The Role of Vibration and Drainage in Femoral Impaction Bone Grafting

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Vibration is commonly used in civil engineering applications to efficiently compact aggregates. This study examined the effect of vibration and drainage on bone graft compaction and cement penetration in an in vitro femoral impaction bone grafting model with the use of 3-dimensional micro-computed tomographic imaging. Three regions were analyzed. In the middle and proximal femoral regions, there was a significant increase in the proportion of bone grafts with a reciprocal reduction in water and air in the vibration-assisted group (P < .01) as compared with the control group, suggesting tighter graft compaction. Cement volume was also significantly reduced in the middle region in the vibration-assisted group. No difference was observed in the distal region. This study demonstrates the value of vibration and drainage in bone graft compaction, with implications therein for clinical application and outcome. © 2008 Elsevier Inc. All rights reserved.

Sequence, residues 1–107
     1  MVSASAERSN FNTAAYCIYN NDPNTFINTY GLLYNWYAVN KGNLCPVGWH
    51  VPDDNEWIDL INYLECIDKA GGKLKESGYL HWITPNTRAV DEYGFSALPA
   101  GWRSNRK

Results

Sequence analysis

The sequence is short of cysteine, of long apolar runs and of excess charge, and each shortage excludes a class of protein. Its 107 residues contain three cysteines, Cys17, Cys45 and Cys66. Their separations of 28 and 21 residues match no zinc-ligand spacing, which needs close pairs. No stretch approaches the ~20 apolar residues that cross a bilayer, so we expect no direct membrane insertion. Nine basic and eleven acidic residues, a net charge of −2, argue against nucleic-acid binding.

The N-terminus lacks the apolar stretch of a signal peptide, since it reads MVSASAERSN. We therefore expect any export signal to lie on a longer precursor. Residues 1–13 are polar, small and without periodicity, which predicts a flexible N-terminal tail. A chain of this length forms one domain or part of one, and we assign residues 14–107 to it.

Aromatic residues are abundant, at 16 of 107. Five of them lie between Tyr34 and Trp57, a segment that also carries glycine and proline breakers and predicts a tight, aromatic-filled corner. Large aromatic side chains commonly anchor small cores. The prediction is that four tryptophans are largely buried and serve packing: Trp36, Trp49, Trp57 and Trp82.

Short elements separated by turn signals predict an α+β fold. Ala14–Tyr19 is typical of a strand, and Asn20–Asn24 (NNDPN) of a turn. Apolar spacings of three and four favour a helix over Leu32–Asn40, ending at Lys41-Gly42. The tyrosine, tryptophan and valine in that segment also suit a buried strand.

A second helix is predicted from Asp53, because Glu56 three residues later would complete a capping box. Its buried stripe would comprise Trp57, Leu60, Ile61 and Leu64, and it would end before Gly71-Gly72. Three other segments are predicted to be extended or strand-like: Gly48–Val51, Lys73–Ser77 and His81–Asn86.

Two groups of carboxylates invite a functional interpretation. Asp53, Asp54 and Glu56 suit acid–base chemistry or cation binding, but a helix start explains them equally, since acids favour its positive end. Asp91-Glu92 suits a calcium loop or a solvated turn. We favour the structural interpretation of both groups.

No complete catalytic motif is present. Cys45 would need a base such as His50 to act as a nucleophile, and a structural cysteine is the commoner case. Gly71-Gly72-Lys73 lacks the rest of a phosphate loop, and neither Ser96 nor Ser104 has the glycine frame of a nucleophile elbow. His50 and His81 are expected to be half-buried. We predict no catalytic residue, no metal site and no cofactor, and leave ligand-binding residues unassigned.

Bolland, B. J. R. F., New, A. M. R., Madabhushi, G., Oreffo, R. O. C., & Dunlop, D. G. (2008). The Role of Vibration and Drainage in Femoral Impaction Bone Grafting. Journal of Arthroplasty, 23(8), 1157–1164.

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